Rather says CBS can overcome
Says he will keep lessons of the report 'well in mind'
NEW YORK (CNN) -- Veteran anchorman Dan Rather sent a memo to his CBS News colleagues Tuesday calling for "a renewed dedication to journalism of the highest quality."
Rather said in that way the network can overcome the negative fallout from a report by an independent panel highly critical of a "60 Minutes Wednesday" segment on President Bush's National Guard service.
"I have been here through good times and not so good times. I have seen us overcome adversity before," Rather wrote in his first public comments since the report was released Monday.
"I am convinced we can do so again. That must be our focus and priority."
"Lest anyone have any doubt, I have read the report, I take it seriously, and I shall keep its lessons well in mind," Rather said.
Rather returned to the anchor chair of the "CBS Evening News" Tuesday, after being absent Monday.
But he made no reference to the report or the Bush Guard story.
CBS made public Monday a scathing 234-page report by an independent panel commissioned by the network to investigate the September 8 report on Bush's Guard service, which was based on documents the network later conceded could not be authenticated.
Written by former Attorney General Dick Thornburgh and retired Associated Press chief Louis Boccardi, who led the 10-member panel, the report concluded that the segment had "considerable and fundamental deficiencies."
It said competitive pressure to break the story in the heat of the presidential campaign prevented CBS News from thoroughly vetting the documents. (Full story)
In the wake of the report, the producer of the segment, Mary Mapes, was fired, and three other executives were asked to resign.
But Rather -- who presented the story, vociferously defended it, and came under considerable fire from Bush supporters after it aired -- was not disciplined.
CBS President Les Moonves said Rather, who had already announced that he would leave the anchor chair in March, would not be punished because he had been only peripherally involved in producing the report and had relied on Mapes' assurances about the authenticity of the documents.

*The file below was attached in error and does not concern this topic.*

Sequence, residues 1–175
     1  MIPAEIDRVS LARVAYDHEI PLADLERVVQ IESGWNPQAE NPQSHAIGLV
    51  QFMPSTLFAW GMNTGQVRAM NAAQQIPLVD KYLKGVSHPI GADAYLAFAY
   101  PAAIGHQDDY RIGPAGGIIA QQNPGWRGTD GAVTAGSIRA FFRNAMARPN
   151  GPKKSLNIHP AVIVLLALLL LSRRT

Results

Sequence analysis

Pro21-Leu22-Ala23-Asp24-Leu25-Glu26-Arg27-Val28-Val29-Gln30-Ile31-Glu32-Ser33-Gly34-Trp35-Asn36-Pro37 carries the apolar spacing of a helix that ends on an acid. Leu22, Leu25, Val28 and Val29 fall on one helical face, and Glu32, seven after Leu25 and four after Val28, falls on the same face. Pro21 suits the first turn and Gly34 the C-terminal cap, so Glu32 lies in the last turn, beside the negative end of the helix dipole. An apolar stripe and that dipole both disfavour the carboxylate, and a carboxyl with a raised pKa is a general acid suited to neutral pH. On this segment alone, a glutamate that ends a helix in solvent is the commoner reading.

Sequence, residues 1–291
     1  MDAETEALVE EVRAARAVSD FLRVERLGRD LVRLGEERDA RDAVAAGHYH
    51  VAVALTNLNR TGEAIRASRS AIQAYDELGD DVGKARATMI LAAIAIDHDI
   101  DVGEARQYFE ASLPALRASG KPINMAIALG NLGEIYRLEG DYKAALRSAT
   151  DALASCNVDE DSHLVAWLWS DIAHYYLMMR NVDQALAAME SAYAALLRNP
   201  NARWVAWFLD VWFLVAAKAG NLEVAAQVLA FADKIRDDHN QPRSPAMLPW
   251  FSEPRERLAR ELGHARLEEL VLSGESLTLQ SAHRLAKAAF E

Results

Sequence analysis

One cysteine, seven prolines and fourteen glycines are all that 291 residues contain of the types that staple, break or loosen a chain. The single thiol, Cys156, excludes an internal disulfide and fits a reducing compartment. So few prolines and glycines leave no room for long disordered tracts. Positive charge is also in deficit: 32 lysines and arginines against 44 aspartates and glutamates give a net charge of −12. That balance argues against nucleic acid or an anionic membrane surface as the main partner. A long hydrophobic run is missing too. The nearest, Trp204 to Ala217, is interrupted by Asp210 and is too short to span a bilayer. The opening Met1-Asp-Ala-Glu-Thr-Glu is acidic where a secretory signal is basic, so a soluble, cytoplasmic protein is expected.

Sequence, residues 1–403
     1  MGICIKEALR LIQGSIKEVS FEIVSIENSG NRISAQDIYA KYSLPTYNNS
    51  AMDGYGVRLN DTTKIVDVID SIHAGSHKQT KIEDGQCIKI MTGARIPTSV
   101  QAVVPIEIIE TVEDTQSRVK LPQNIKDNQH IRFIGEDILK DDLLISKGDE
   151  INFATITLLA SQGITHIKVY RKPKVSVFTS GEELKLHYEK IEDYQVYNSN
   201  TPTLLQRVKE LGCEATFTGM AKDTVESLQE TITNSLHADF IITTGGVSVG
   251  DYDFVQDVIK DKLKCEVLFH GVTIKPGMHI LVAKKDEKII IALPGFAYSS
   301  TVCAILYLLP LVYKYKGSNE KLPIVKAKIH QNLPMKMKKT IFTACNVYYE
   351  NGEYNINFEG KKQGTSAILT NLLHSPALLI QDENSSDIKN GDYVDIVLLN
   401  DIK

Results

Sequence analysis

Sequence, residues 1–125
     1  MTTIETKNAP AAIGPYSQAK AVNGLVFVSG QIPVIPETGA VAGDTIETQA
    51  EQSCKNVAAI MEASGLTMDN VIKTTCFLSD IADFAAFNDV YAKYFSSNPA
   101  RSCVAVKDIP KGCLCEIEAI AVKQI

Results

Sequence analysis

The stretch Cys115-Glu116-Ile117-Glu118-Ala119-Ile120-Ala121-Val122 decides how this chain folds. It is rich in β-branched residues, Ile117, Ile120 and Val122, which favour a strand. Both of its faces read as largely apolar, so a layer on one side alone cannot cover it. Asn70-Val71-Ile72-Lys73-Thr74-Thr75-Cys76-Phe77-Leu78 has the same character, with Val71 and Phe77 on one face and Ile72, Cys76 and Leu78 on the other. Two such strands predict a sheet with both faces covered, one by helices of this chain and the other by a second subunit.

"His biggest sin was to trust a producer whom he'd worked with very successfully in the past," Moonves said.
He said Rather's decision to step down from the anchor chair was his own and was initiated before the Bush Guard segment aired.
Responding to Moonves, Mapes released a statement Monday insisting that the story was neither false nor misleading and accusing the network chief of "vitriolic scapegoating" motivated "by corporate and political considerations."
In his memo to the CBS News staff, Rather said the panel's report was "a necessary process to deal with a difficult issue, at the end of which four good people have lost their jobs."
"My strongest reaction is one of sadness and concern for those individuals whom I know and with whom I have worked," he wrote.
"It would be a shame if we let this matter, troubling as it is, obscure their dedication and good work over the years.
We should take seriously the admonition of the report's authors to do our job well and carefully.
"Yet good can come from this process if CBS News, and the hundreds of able professionals who labor every day to fill an essential public service in an open society, emerge with a renewed dedication to journalism of the highest quality.
"We should take seriously the admonition of the report's authors to do our job well and carefully, but also their parallel admonition not be be afraid to cover important and controversial issues."
In the segment in question, which aired September 8 on the "60 Minutes Wednesday" program, Rather reported allegations that Bush used his family connections to get into the Texas Air National Guard during the Vietnam War era.
The story said that once Bush was in the Guard, he failed to fulfill his obligations and ignored a direct order to get a required physical.
Included in the story were four memos purportedly written by Lt. Col. Jerry Killian, Bush's squadron commander, in which he complained about Bush's conduct and said he was being pressured to "sugar coat" the future president's evaluations. Killian died in 1984.
The legitimacy of the documents came into question almost immediately after they became public.
After defending the report for 12 days, CBS News eventually admitted it could not vouch for the authenticity of the memos.
It disclosed that they were obtained from Burkett, a retired Texas National Guard officer and longtime Bush critic.
Rather apologized on the air.